Using a Puncture Test to Identify the Role of Seed Coverings on Thermotolerant Lettuce Seed Germination

in Journal of the American Society for Horticultural Science
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  • 1 University of Florida, Institute of Food and Agricultural Sciences, Horticultural Sciences Department, Gainesville, Florida 32611-0690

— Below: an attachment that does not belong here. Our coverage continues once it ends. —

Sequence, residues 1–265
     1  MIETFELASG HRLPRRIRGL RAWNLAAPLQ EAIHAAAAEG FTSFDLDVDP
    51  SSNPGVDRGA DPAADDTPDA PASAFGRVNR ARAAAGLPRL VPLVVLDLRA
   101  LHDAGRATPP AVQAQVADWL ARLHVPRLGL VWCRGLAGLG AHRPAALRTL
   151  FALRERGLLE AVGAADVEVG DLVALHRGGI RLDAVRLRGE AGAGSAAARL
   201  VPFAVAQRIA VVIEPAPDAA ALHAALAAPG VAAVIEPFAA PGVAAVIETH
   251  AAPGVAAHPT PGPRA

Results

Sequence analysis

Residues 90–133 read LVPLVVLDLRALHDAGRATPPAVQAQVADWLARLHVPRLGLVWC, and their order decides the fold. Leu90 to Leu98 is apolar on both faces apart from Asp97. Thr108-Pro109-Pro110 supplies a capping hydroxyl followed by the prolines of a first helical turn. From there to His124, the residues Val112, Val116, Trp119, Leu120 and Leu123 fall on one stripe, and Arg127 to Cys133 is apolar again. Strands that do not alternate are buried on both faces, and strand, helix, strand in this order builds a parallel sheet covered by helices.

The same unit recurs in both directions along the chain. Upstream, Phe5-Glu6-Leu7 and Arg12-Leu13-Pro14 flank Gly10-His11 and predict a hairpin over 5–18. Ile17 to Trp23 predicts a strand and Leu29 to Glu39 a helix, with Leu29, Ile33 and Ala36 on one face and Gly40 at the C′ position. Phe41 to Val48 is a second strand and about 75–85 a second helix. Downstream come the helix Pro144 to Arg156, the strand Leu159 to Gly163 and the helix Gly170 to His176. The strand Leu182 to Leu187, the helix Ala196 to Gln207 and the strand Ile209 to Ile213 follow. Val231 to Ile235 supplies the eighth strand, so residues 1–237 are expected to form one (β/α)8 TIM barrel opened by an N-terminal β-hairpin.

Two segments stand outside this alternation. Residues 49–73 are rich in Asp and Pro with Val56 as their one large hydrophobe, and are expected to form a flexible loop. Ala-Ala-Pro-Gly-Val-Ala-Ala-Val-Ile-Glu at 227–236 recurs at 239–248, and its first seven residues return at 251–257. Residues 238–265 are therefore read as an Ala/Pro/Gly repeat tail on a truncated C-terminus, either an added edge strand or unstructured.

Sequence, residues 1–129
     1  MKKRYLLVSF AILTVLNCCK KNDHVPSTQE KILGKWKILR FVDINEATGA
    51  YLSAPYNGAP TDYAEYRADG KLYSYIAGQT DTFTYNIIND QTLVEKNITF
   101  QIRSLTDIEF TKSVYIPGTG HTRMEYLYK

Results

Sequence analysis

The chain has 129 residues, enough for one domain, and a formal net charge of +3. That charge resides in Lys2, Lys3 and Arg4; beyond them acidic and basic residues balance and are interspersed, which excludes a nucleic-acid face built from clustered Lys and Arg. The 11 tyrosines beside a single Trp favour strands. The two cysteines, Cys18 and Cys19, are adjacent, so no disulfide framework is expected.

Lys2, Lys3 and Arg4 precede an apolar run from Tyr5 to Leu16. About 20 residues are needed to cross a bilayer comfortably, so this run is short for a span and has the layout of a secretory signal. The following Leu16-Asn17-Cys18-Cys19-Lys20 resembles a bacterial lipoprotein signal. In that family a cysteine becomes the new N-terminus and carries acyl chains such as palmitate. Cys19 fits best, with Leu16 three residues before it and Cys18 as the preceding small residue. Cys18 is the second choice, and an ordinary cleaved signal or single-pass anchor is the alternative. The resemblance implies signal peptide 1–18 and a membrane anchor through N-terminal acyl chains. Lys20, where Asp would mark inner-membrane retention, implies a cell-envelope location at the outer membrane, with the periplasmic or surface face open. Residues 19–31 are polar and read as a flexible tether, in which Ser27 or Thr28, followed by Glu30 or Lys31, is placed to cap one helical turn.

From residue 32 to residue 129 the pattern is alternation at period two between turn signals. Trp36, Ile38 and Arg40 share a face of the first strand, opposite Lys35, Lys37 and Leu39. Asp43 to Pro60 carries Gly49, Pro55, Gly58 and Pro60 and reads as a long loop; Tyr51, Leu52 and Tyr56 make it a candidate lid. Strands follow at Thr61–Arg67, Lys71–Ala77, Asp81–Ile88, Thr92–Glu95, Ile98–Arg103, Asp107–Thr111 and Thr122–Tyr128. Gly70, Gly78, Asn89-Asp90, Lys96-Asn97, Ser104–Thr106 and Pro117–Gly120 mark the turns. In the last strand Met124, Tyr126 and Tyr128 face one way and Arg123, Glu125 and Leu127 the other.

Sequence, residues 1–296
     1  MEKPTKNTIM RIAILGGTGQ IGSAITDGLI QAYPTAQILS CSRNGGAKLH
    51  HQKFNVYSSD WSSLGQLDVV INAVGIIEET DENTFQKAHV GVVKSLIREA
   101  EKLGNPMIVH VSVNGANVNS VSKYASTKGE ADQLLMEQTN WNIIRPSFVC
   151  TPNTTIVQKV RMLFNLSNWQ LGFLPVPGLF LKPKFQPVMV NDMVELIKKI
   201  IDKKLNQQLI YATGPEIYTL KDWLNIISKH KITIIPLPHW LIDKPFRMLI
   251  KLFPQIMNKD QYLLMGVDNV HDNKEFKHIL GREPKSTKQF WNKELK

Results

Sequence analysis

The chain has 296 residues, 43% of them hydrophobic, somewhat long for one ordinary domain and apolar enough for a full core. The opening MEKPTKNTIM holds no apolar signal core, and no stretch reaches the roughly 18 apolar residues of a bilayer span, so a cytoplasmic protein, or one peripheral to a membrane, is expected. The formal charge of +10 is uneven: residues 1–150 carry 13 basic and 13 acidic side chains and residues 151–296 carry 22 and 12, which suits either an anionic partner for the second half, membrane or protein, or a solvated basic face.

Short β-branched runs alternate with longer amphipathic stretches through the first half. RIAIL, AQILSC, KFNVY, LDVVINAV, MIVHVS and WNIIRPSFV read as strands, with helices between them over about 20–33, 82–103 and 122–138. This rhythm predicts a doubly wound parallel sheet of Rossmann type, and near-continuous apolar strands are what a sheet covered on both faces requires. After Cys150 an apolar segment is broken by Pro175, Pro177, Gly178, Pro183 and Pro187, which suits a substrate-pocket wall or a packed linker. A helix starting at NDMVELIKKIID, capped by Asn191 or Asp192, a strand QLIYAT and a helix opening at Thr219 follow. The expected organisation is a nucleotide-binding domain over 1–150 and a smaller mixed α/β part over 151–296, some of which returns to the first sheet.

Temperature is an important environmental factor that affects lettuce (Lactuca sativa L.) germination. The present research was conducted to determine the role of seed coverings on lettuce seed germination at high temperature. Five lettuce genotypes were primed in order to bypass thermoinhibitional effects on germination. During germination of primed and nonprimed seeds, imbibition followed a normal triphasic pattern. Primed seeds had higher final water content, a decreased imbibitional phase II, and germinated at 36 °C compared to nonprimed seeds of thermosensitive genotypes, which did not germinate at 36 °C. Puncture tests were conducted to determine the force required to penetrate the whole seed or endosperm of the five genotypes at 24 and 33 °C. `Dark Green Boston', a thermosensitive genotype, had the highest mean resistance (0.207 N) and PI 251245, a thermotolerant genotype, had the lowest (0.139 N). Resistance to penetration of the endopserm of the five genotypes was different at both temperatures. However, three thermotolerant genotypes had lower endosperm resistance than two thermosensitive types. At 36 °C, the penetration force for primed and nonprimed seeds was compared after the first hour of imbibition and 1 hour before radicle protrusion. The force required to penetrate the seed was affected by genotype, seed priming, and duration of imbibition. Puncture force decreased as imbibition time at 36 °C increased in primed and nonprimed seed of each thermotolerant genotype but not in the thermosensitive genotypes. Priming reduced the initial force necessary to penetrate the seed and endosperm in all genotypes. Thus, for radicle protrusion to occur, there must first be a decrease in the resistance of the endosperm layer as evidenced by priming or thermotolerant genotype. Then, the pericarp and integument are sufficiently weakened so that tissue resistance is lower than the turgor pressure of the expanding embryo, allowing germination to be completed.